8. The KJ Henderson was the second last model built by the Excelsior owned company. The KL came out in 1931, the last year Henderson motorcycles were manufactured. Every Henderson model from the commencent of production in 1912 up to 1931 was powered by an in-line 4-cylinder engine.

  9. That would be a speedometer drive sprocket, and would usually be on the rear wheel but that space is taken by the siren the near motorcycle. The KL was a special order, and 1931 Hendersons were still KJs. KL’s are quite rare but their extra power was dubious. Supposedly, there were cam, and piston enhancements, as well as head work, and I have heard, a different cylinder. As a Henderson expert told me; a KL is still just a KJ. I had a 1930 KJ and they were indeed the best performing motorcycle at that time. They couldn’t catch a Duesenburg, but everything else was easy prey for a Henderson KJ.

  10. I’ve made a few other observations about the Henderson motorcycles. The motorcycle with the chrome horn is quite possibly a 1931, and it’s mate is possibly a 1930. Hendersons from 1929-1931 were very similar but subtle things like horns, and headlights were changed. Hendersons were made by Schwinn, of bicycle fame and Ignaz Schwinn was notoriously conscientious about proprietary purchases. The flat horn is generally considered a 1931 feature, however that motorcycle has a chrome airplane fender ornament which could mean it was purchased by the officer and was “leased” to the city. It’s possible the horn was an upgrade to make the bike look newer, and more up to date.

  11. Both bikes are probably 1930 models. The 1931 models used a different front brake, a different headlight, a different horn, and a different generator. Both bikes have the 1929-1930 style front brake, headlight and generator. The bike on the left (top photo) has a horn similar in shape to the ones used on 1931 models, but the face is not one normally seen. It is possible that the horn was used on automobiles, but with a different face for different automobile marques. The bike on the left has a black headlight ring, but otherwise it is a 1929-1930 headlight. The bike on the right says “Special” above the tank decal, and probably is. The KL “Special” was advertised in May 1930, but there are no visible differences. Whether the factory applied the word “Special” on the tank is unknown. The bike on the left has the standard handlebars, while the bike on the right has the “Sport” handlebars. The Specials probably all came with Sport handlebars, but they were available for the standard KJ also. The front “roll-off” stands were probably fabricated by the local dealer – note that the stand on the bike on the right has “feet”. Both bikes have an external cutout relay on the generator. The standard Splitdorf generator cutout relay (internal) was unreliable. The bike on the left has what appears to be a Harley cutout relay, while the one on the right has a different one. Henderson called them the “Streamline” and the “Special”. The prefix to the serial number was “KJ” and “KL” respectively, and these became the colloquial names. A period magazine article said that the average rider could expect 80-85 mph on the Streamline ($435), and 100 mph on the Special ($30 extra).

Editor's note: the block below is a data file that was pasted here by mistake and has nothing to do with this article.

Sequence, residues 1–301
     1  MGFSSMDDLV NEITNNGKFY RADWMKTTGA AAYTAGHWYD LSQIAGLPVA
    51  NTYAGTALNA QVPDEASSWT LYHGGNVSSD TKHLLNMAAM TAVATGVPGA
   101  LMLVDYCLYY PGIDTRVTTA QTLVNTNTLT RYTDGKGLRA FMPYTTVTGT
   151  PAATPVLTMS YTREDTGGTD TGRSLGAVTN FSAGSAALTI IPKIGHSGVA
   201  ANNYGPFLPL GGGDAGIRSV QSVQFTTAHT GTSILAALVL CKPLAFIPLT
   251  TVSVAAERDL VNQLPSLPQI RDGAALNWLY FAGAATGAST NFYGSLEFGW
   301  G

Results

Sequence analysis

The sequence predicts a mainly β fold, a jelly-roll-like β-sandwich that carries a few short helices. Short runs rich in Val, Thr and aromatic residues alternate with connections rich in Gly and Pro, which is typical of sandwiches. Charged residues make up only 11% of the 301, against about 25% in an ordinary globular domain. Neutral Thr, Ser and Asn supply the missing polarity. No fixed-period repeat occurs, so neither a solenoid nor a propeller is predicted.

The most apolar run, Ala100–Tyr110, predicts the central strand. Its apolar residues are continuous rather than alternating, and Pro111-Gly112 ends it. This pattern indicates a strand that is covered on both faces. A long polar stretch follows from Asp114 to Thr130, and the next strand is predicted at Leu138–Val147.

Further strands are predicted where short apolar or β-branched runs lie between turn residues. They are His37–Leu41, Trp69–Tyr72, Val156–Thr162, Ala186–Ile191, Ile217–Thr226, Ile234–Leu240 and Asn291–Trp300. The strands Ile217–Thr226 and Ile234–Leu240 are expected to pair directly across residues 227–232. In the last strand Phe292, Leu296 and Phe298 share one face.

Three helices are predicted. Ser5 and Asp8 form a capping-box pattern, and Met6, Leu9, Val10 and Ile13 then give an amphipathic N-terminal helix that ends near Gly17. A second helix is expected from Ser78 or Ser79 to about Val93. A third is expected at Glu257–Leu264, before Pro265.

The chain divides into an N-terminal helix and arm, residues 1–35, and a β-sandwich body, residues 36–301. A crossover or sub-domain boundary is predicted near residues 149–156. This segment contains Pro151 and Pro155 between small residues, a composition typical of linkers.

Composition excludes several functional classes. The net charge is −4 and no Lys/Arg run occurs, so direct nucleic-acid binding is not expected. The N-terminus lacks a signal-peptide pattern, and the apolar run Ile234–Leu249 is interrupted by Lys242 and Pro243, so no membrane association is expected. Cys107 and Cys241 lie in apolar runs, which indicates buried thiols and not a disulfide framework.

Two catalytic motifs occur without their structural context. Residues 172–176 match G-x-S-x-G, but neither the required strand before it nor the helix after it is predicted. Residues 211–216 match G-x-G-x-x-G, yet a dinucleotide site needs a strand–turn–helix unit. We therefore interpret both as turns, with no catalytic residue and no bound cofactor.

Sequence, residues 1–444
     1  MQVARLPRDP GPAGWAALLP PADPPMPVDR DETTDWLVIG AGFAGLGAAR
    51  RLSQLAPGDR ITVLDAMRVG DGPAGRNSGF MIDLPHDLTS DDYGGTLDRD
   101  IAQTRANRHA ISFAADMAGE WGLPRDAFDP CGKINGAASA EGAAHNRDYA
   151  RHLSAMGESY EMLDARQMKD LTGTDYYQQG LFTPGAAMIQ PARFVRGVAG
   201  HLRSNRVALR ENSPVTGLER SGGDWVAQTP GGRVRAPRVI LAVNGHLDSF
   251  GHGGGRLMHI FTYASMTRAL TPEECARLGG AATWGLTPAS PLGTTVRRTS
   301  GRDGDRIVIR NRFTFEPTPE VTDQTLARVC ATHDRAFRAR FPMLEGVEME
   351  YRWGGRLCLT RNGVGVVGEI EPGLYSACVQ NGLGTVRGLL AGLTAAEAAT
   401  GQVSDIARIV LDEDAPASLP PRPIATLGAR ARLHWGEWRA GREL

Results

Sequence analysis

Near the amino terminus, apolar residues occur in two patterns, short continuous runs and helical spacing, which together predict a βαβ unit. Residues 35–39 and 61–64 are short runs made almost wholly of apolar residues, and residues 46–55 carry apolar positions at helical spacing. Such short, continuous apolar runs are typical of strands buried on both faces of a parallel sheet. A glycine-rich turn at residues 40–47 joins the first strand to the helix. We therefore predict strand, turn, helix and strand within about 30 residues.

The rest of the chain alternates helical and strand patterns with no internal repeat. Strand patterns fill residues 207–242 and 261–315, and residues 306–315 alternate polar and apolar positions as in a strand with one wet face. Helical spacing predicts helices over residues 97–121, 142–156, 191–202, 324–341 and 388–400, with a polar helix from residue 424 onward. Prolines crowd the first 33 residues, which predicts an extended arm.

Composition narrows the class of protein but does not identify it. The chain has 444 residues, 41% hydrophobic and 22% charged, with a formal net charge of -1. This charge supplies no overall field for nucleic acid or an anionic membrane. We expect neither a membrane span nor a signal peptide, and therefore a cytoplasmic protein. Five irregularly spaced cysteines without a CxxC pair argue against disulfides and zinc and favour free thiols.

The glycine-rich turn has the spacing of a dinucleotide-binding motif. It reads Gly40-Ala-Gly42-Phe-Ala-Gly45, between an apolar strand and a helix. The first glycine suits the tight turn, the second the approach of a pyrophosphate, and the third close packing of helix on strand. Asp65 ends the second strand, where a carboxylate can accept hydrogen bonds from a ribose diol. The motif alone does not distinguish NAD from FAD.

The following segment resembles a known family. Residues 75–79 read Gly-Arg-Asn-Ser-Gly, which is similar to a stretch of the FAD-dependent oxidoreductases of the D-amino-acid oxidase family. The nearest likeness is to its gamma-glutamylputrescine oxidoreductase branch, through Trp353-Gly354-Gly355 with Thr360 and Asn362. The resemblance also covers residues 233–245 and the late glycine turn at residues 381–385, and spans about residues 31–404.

12. The square “E” plate would indicate it’s a city or county plate. State agencies like the CHP had diamond “E” plates. Unfortunately, the exempt plates were issued based on the next plate in the series, so there’s no code that will help us. The 1930 plate was also a one year issue. The motor cop’s uniforms look like CHP but the badges look like LAPD, since the CHP had six pointed stars. It’s unusual to have no department markings on the car or the motors. I lean toward this being LAPD but it might still be a Venice PD if the Venice detail was operated as a contract to the city of Venice. Since LA annexed Venice in 1925, that doesn’t seem likely. The only thing that makes sense is that those are LAPD officers operating in Venice. They still do police Venice, one of the most gang ridden and dangerous parts of Los Angeles.

  13. I have a police cap like they are wearing. At first I thought it was Highway Patrol but it has two horizontal holes in the front that matches an LAPD hat badge. I would love to get a hat badge for it. Looks bronze instead of silver?